The psalmist had some insight into this when he said in that graphic phrase of his, `I had rather be a doorkeeper in the house of my God, than to dwell in the tents of wickedness’ (Psalm 84:10). He preferred to be in the vestibule, in the portal, of the house of God than to dwell in the greatest palace of the ungodly—it is the relationship that matters. I would sooner be a slave in God’s house than be a dictator in the world. Moses chose `rather to suffer affliction with the people of God, than to enjoy the pleasures of sin for a season’ (Hebrew 11:25). He did so because he was interested in the recompense of the reward, and he did not take a short view. Moses said to himself, in effect, `This is the overwhelming thing: that I am one of God’s people. I do not care what I am now, even though I am only a shepherd away on the far side of a mountain with just a little flock. This is better, because I am God’s, than to be accounted great as the son of Pharaoh’s daughter.’ Once more, it is the relationship that matters, and it seems to me that the tragedy is that we do not know enough about this relationship. Let us forget our particular blessings and enjoyments and realize that we are children of God, we are among God’s people, the people whom he knew before the foundation of the world.

The second conclusion that I would draw is that we are very guilty of misunderstanding the work of Jesus Christ. I have two points here. Does it come as a surprise to anybody that, according to this doctrine, it is no part of the work of the Lord Jesus Christ to make us God’s people? Have we not always thought that that was his work—that he suffered for us and made us the people of God? But he did not; we were the people of God first and it was God who gave us to him. If that comes as a surprise to us, it is because we read our Bible with prejudiced eyes instead of looking at what it really says. ‘Thine they were, and thou gavest them me.’

My second point is equally important. This is that it is no part of the work of the Lord Jesus Christ to secure God’s love for us. I am very fond of our hymns, but I always try to remember that they are not divinely inspired, indeed some of them are tragically wrong and misleading. So many of them give the impression that our Lord is having to plead with his Father on our behalf, that God, as it were, is opposed to us, that our Lord has to engage his love for us and secure it for us. This doctrine shows us that it is not a part of the purpose of the Lord Jesus Christ to do that. It is because God loved us that he ever gave us to Christ. Christ has died for us not to secure the love of God for us, but because God has marked out his people before the foundation of the world. He hands them to the Son and says, Go and save them, they are mine, I leave them to you, make them fit for me. For, `God so loved the world, that he gave his only begotten Son’ John 3:16); `God was in Christ, reconciling the world unto himself’ (2 Corinthians 5:19)—not himself to the world. Oh how foolish we are and what an injustice we do to the name of our God and to his glorious love and grace! How frequently, because we neglect this fundamental doctrine, do we go wrong in our doctrine of the work of the Lord Jesus Christ!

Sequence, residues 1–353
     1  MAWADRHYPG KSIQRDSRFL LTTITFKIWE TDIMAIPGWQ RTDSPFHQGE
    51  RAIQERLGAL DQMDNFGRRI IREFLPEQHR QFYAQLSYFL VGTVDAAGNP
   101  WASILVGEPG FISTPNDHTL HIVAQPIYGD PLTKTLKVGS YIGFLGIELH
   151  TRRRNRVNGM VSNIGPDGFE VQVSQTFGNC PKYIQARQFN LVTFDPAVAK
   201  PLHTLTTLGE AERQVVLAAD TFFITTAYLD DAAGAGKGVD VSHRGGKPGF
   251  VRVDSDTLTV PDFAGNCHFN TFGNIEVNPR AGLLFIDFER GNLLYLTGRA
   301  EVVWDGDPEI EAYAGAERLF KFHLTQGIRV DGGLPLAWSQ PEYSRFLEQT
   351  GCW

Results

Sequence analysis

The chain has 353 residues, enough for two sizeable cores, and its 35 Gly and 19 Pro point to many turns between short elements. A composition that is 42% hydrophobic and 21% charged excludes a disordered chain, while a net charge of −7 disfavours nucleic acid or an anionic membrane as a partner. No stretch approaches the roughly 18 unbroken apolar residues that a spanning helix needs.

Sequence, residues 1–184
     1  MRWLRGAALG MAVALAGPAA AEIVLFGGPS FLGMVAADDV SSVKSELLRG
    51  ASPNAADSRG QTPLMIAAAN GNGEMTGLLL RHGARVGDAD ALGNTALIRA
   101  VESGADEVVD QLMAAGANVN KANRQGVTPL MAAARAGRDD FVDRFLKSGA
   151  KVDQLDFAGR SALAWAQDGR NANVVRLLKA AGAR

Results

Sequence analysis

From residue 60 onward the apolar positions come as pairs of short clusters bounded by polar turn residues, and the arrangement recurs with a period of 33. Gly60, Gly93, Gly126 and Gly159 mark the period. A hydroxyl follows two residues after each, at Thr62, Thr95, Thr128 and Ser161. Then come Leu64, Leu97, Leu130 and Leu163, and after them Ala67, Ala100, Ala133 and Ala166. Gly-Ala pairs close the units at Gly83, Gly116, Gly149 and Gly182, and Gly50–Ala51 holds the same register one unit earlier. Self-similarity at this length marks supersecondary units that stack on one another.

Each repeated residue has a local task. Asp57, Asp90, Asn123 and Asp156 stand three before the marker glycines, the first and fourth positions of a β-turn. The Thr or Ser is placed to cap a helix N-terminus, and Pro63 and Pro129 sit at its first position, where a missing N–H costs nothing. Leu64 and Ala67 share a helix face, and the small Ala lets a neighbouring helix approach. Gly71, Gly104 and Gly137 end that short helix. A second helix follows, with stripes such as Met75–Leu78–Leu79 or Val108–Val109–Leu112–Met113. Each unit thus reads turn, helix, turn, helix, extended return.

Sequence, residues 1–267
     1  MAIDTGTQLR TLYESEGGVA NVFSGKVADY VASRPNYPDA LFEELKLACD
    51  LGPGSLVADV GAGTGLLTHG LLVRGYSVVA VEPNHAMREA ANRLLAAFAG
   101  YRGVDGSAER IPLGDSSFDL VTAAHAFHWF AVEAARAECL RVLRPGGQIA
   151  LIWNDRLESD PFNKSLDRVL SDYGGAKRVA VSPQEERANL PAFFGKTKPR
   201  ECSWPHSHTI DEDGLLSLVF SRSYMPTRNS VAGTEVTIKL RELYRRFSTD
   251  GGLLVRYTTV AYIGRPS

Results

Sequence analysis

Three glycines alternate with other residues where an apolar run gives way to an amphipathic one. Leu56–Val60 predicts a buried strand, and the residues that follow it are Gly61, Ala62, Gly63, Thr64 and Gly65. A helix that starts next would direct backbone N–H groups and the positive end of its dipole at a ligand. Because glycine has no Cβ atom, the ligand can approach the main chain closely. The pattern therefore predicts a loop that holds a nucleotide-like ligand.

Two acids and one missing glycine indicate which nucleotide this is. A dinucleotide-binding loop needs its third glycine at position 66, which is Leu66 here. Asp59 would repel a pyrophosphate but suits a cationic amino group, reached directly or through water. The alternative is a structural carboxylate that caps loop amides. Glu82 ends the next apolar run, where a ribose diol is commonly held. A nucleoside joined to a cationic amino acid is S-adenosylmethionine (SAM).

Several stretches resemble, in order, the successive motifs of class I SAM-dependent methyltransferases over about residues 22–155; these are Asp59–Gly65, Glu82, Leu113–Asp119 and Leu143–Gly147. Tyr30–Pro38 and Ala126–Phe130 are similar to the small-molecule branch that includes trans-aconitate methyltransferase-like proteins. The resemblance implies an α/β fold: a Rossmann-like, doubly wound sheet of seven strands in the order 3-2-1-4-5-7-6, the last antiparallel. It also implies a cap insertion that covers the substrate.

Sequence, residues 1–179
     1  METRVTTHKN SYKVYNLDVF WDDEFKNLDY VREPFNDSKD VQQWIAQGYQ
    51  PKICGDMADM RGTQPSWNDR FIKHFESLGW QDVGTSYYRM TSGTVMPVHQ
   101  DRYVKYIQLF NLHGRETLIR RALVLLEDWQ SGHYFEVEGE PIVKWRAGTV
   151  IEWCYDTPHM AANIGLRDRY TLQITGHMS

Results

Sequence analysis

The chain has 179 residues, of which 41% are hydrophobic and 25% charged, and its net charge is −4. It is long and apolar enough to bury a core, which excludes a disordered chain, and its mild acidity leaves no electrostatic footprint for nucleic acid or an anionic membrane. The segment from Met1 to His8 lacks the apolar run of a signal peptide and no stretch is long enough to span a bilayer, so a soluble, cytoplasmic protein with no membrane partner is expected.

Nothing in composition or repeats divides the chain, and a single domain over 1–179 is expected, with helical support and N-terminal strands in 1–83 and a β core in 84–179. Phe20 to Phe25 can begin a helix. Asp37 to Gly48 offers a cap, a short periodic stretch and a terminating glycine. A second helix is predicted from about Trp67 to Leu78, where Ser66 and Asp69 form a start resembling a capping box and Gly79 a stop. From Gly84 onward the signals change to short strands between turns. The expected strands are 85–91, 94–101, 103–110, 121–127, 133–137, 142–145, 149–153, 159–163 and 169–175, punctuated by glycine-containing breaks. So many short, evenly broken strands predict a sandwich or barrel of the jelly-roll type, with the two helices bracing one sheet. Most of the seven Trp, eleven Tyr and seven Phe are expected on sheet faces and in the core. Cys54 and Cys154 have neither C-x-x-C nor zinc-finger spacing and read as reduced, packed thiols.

But there are other conclusions which we can draw. Think, in the light of all that I have been saying, of the place we occupy in the interest and love of the Father and the Son. I confess that I am almost overwhelmed when I think of this. I so often spend my time, as I am sure many of you do, wondering why it is that I do not experience more of the love of God; why God does not, as it were, love me more and do things for me. What a terrible thing that is! The trouble is that I do not realize his love to me, that is my difficulty. People often come and say, `I feel my love for God is so small’—quite right, I say the same thing myself:

Lord it is my chief complaint, 

That my love is weak and faint. 

              W. Cowper

That is true, but the best cure is not to try to do things within yourself and work up some love from the depths of your being. The way to love God is to begin to know God’s love to you, and this doctrine is the high road to that love. Before time, before the creation of the world, he set his eye upon you, he set his affection upon you, you were marked, you were already put among his people. And all that has been done, all the person and the work of Christ, all this manifestation of his ineffable love, was done because of God’s love to you. Therefore, realize his interest in you. The God who has loved you to the extent of sending his only begotten Son to endure and to suffer all that for you, loves you with a love which you will never understand, a love which passes knowledge. If we but knew God’s love to us, it would revolutionize our lives.

And then the next conclusion is this: what sort of people ought we to be in the light of all this? Again, we are too troubled about the details of this question of holiness and sanctification—what method must I adopt? What must I do? We have been given lectures and addresses on the mechanism of obtaining this gift or that particular something. I do not see it like that in Scripture. There, I see it put like this—realize who you are. ‘Ye shall be holy’—why?—`for I am holy’ (Leviticus 11:44). You are God’s child, and one of his people. The way of holiness is to realize who you are, and always to remember it and the honour of the family, the honour of your Father, the honour of God. `Every man that hath this hope in him purifieth himself, even as he is pure’ (1 John 3:3). That is the argument and if you and I but realized our relationship to God now, and the presence of God with us always, it would very soon solve the problem of holiness and sanctification for us. We would not have to be waiting for particular experiences, we would realize that we are one with God and that we are in that relationship, and because of that, everything else is unthinkable.

And ultimately there is our wonderful security. Our Lord says in John 10:28, `I give unto them eternal life; and they shall never perish, neither shall any man pluck them out of my hand’—we will come to that later. And here he is saying, I have kept them and now that I am going out of the world I hand them back, as it were, to you. Oh the eternal security of all who are God’s people and who are known unto him before the foundation of the world!

Beloved friends, let us meditate upon these things; let us not start with self and its little needs, but let us rather lift up our minds and our hearts and contemplate this glorious plan of God into which we have been brought, which we can enjoy, and which is preparing us for that everlasting and eternal glory. Let us pray for ourselves what Paul prayed for the church at Ephesus, that the eyes of our understanding may be opened and that we may know the riches of the glory of his inheritance in us. (219-230)